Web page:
However, strategic views diverged significantly after that. Most tech leaders (58%) said that giving an individual board member overall responsibility for cybersecurity would have the greatest impact, while the majority (64%) of business leaders said the biggest gains would come from making cybersecurity more of a strategic priority.
Yet unfortunately, over half (57%) of those surveyed don’t currently have a board member with direct expertise in cybersecurity and even more (67%) don’t think one is needed.
EY’s EMEIA advisory cybersecurity leader, Mike Maddison, argued that while direct security experience may not be essential, there needs to be better understanding at a board level of cyber-related risk.
“In recent years, the rate and pace of technological advances, regulatory change, cyber-attacks and data breaches have moved cybersecurity rapidly up the corporate agenda,” he added.
“Protection and prevention are still paramount yet, to stay ahead of these evolving trends, organizations need to start thinking differently about cybersecurity. Business leaders need to make the leap from seeing cybersecurity as only a protective measure, to it also being a strategic value driver.”
Two sectors leading by example are tech, media and telecoms (TMT) and retail. TMT respondents had the highest levels of board awareness, the largest planned investments in cybersecurity and the fewest concerns around security as a barrier to tech adoption, while all retail respondents believe a “cyber-secure” brand is important for competitive advantage.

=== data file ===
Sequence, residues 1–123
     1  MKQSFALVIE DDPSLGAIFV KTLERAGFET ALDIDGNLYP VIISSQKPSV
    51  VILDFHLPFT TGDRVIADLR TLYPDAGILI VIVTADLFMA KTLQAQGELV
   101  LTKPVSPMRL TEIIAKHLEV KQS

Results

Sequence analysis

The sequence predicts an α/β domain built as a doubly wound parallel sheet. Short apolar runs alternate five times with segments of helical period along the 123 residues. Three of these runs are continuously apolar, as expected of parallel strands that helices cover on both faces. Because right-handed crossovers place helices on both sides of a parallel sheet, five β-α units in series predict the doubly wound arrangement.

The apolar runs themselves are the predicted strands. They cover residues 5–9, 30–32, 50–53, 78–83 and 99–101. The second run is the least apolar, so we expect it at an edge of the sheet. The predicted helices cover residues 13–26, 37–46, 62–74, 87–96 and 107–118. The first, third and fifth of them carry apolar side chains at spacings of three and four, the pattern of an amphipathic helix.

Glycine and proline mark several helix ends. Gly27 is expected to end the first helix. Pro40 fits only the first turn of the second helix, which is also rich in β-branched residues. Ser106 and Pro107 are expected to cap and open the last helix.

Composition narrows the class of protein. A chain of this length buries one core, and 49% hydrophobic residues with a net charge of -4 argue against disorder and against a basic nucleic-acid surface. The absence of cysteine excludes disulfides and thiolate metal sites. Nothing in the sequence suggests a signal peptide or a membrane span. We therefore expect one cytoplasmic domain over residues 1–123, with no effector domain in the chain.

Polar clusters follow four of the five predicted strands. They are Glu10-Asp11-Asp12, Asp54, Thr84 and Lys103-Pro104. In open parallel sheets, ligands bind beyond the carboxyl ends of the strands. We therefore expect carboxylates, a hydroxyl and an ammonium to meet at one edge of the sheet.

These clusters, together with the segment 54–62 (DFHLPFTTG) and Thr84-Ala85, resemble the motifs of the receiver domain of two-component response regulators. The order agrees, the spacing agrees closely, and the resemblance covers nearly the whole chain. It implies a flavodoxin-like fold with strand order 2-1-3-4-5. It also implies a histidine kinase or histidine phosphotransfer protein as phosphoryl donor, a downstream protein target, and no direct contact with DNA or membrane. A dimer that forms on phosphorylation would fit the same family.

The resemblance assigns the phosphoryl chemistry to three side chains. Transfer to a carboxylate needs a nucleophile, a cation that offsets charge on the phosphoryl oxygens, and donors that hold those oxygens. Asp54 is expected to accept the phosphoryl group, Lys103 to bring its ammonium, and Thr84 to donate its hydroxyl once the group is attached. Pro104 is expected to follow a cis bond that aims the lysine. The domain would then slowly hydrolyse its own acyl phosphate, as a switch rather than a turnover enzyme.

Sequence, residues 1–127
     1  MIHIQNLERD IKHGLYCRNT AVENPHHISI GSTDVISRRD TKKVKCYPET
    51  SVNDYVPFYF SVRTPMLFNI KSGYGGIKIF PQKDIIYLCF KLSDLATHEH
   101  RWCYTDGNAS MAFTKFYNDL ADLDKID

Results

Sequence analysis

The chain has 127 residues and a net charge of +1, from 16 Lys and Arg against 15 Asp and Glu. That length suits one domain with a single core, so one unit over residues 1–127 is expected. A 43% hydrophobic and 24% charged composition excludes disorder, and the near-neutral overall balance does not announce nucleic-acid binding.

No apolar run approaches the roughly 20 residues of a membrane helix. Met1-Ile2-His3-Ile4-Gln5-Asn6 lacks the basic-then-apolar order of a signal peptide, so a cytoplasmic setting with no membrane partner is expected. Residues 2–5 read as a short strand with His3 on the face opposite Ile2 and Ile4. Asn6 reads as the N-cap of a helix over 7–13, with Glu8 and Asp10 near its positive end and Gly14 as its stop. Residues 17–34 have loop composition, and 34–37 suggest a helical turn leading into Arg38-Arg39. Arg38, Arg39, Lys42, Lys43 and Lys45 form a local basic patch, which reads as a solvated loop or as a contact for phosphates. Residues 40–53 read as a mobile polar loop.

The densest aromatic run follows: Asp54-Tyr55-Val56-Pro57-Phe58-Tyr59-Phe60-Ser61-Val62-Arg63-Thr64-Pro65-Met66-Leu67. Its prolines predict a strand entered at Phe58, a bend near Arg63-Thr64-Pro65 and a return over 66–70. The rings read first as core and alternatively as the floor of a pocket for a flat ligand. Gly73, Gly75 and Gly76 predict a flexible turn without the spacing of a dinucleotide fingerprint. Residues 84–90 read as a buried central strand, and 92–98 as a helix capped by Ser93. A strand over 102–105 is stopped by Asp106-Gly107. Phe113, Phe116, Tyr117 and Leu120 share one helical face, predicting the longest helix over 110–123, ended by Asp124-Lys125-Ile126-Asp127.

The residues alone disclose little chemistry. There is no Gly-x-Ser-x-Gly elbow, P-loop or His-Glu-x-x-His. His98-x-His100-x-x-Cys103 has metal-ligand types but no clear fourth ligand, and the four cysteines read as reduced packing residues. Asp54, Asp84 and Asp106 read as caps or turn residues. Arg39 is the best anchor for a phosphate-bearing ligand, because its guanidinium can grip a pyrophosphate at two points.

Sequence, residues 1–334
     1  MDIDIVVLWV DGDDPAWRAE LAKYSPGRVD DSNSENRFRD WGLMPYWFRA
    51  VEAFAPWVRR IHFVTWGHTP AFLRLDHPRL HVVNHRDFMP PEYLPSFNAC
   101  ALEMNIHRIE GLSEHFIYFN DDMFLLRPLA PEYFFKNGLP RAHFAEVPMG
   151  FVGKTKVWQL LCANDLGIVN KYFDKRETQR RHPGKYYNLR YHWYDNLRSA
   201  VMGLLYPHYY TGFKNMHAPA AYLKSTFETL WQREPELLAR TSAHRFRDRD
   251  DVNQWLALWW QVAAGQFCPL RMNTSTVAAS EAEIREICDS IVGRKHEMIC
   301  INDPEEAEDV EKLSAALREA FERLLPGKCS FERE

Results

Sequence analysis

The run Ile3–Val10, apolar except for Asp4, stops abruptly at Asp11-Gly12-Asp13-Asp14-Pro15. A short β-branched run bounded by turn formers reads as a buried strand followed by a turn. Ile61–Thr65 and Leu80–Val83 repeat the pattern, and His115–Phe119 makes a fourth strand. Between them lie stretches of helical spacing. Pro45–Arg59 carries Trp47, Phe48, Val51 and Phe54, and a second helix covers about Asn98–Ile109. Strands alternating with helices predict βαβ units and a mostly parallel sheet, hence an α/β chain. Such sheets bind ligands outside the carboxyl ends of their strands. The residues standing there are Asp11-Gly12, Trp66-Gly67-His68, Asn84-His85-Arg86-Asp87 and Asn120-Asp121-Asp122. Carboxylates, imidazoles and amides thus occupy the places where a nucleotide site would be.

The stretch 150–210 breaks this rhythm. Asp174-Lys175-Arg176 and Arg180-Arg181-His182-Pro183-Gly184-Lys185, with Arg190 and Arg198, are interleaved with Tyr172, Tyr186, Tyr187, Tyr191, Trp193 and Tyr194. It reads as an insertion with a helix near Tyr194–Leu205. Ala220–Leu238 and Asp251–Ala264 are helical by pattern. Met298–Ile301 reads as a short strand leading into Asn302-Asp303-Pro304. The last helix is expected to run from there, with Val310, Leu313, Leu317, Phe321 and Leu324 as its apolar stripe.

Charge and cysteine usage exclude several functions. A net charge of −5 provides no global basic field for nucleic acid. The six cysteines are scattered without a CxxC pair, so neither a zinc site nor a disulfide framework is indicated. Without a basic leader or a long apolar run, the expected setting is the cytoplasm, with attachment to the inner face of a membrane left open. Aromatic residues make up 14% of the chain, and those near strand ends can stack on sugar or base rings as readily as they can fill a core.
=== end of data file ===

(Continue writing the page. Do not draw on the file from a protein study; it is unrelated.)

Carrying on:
Human error was behind over half (52%) of all cybersecurity incidents detected by Kaspersky in industrial environments last year.
The Russian AV vendor’s State of Industrial Cybersecurity 2019 report is compiled from interviews with 282 firms running operational and industrial control system technology (OT/ICS).
While the vast majority of firms (81%) are planning to digitalize their operational networks to drive Industry 4.0 initiatives, far fewer (57%) have allocated a cybersecurity budget, it found.